Yesterday I chose a black skirt and a new red short-sleeved jacket to wear to church. I thought I would wear the red hat my mother-in-law gave me years ago; I love it but don’t have a lot of chance to wear it, and this seemed perfect. Then I remembered the Red Hat Society. I’d never heard of it till recently, when I discovered that several ladies in my church are part of it. They’re great women, always looking for ways to minister to others, especially younger women who need a friend or a meal or whatever.
But they wear red hats. And I began to wonder what others would think if I wore my red hat to church. I’m not a Red Hat lady, after all. Would members think I was flouting them somehow? Would others think I was flaunting a membership I don’t actually have? The Red Hat ladies don’t wear their red hats to church, you see; they reserve them to wear with their purple dresses in their meetings or when they explain the Society at retreats and so on. They are meant to symbolize eccentricity, and Southern ladies are not eccentric in church.
So I didn’t wear my red hat, which just a few years ago would have been merely a fashion choice but has suddenly become more than that: wearing it may send messages I don’t intend; not wearing it makes me a coward. Frustrating.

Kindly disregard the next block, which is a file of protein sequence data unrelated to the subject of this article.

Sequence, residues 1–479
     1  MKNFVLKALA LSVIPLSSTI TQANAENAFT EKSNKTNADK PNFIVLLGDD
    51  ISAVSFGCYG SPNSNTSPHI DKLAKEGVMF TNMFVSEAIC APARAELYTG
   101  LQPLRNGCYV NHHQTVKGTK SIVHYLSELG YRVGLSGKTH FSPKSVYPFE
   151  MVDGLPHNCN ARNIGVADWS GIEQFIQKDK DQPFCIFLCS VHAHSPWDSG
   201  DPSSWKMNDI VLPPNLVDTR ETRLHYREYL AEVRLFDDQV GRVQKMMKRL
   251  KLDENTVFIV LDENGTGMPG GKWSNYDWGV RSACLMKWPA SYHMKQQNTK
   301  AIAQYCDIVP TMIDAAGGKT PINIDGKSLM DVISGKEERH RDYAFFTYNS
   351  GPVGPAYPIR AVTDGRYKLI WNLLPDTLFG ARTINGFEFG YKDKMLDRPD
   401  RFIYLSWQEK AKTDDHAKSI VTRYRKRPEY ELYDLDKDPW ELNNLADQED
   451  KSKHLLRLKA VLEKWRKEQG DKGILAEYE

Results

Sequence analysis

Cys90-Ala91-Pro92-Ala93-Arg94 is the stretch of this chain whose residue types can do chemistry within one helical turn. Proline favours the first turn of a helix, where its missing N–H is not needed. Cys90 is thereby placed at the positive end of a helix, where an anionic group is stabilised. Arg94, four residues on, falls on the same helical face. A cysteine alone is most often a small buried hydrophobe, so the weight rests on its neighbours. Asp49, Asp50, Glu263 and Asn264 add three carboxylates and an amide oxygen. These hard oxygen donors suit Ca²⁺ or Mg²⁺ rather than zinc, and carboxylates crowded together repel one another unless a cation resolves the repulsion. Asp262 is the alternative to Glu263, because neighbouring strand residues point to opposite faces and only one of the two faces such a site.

However, there’s a greater irony here. The Red Hat Society takes its name from a poem by Jenny Johnson called “Warning.” The first lines read “When I am an old woman, I shall wear purple / with a red hat that doesn’t go, and doesn’t suit me.” The speaker goes on to tell the other things she will do unconventionally to “make up for the sobriety of [her] youth,” such as spending her pension on “brandy and summer gloves,” “gobbl [ing] up samples in shops,” and “learn[ing] to spit.”
For now, she knows “we must have clothes that keep us dry / and pay our rent and not swear in the street / and set a good example for the children,” though she ends the poem pondering if she shouldn’t begin to practice her unconventionality a bit so that “people who know me are not too shocked and surprised / When suddenly I am old, and start to wear purple.”
In other words, it’s all about choosing to do those things that she enjoys without having to bow to the conventions of the culture. She knows she’s got to be at least mostly conventional now, while she has children and needs to be a responsible adult in raising them. But someday, she knows too, she will be free of that responsibility and intends to be “shocking” by doing or having some of those “silly” or “extravagant” things that appeal to her.
So . . . now we have a whole Society devoted to the convention of wearing red hats and purple dresses, and making me – whom red suits quite well, thank you – feel that I can’t make a personal fashion choice that I used to make without much thought. In other words, they’ve undermined the whole point.
People are really strange.
(And yes, I include myself. If I really believed anything I say I believe, I’d have worn that hat yesterday.)